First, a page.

|Northern Shrike, Goose Lake Drumlins SNA, Dane Co, WI 2/7/2016|
Per usual it did not fly when I approached closer beneath the tall tree where it perched. It was difficult to get a good angle on the bird given how high it was. Lighting was low on this balmy and considerably foggy day. I collected a few photos then proceeded on my arduous hike on the ice and slush trails leaving the bird to focus on the ever important task of survival.
After I slogged along another 300 or so feet, I stopped to listen. I picked up some unfamiliar truncated warbling-whistled notes coming from the direction where I left the Northern Shrike. Looking back, the bird was still on the same perch and it was singing! This is a first for me and quite a charming one at that! I referenced my Sibley app which only has call notes available. Nope that was not the sound coming from the bird. Checking Xeno-canto I found a recording of its song. The first notes of this recording are a perfect match for the song I heard.
I wondered if singing confirmed this bird to be a male. Checking Birds of North America Online, I learned it does not. "Both sexes are commonly heard singing in late winter (Feb-Mar), especially on sunny days." The behavior I observed certainly fits with this description other than the sunny part.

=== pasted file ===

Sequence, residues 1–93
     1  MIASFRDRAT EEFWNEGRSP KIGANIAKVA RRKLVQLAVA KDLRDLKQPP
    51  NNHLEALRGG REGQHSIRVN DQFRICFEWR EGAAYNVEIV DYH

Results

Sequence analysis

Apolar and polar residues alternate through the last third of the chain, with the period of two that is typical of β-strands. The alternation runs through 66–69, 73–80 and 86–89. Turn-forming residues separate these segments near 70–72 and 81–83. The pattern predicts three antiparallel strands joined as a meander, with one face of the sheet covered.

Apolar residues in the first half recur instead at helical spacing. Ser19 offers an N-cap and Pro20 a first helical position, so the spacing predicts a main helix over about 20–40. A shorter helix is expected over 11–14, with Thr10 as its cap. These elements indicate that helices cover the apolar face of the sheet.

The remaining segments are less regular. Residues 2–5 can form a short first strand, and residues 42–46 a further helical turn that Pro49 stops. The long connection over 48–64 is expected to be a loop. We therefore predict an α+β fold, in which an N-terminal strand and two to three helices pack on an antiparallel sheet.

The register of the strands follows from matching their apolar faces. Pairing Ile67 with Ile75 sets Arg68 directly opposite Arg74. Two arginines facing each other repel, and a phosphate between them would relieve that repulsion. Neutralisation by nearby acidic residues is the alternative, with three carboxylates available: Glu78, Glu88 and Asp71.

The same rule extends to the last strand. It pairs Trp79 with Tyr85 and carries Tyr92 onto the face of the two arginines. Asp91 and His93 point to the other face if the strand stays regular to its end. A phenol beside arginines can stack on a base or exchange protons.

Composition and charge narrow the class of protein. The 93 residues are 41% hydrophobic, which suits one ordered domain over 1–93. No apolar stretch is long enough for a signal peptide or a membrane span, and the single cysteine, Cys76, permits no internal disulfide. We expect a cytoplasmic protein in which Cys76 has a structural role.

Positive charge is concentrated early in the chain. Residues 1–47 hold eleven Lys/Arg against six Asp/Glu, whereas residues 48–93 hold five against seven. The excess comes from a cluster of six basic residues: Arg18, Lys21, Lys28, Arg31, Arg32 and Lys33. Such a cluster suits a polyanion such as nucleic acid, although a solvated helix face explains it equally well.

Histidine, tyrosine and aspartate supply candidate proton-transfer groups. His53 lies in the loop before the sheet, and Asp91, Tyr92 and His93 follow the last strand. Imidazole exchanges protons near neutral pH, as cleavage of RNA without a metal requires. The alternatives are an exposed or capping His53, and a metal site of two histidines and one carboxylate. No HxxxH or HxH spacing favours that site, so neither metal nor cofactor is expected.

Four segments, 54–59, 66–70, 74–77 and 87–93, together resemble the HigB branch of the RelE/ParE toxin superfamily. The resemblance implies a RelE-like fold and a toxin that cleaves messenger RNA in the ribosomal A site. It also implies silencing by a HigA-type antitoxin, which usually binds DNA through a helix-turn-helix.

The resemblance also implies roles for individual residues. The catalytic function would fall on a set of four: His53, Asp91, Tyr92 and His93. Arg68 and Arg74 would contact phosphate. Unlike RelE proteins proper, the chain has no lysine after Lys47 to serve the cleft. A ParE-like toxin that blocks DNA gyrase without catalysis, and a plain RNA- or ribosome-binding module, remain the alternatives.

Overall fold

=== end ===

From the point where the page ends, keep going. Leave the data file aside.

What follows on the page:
The shrike was too distant to obtain a recording of its vocalizations. I am hoping on a return trip to witness this charming behavior again and perhaps obtain a recording at much closer proximity.
On my way back to the car I spotted a round creature delicately balanced in a thin tree. Its shape was reminiscent of a porcupine. However, Dane county is too far south for porcupine, thus leaving raccoon as the likely culprit. Sure enough. I suspect the dog I passed on my way out likely flushed it up the tree. Cute in some regards. Though I could not help but wish for this critter to become the meal of a nearby owl or hawk.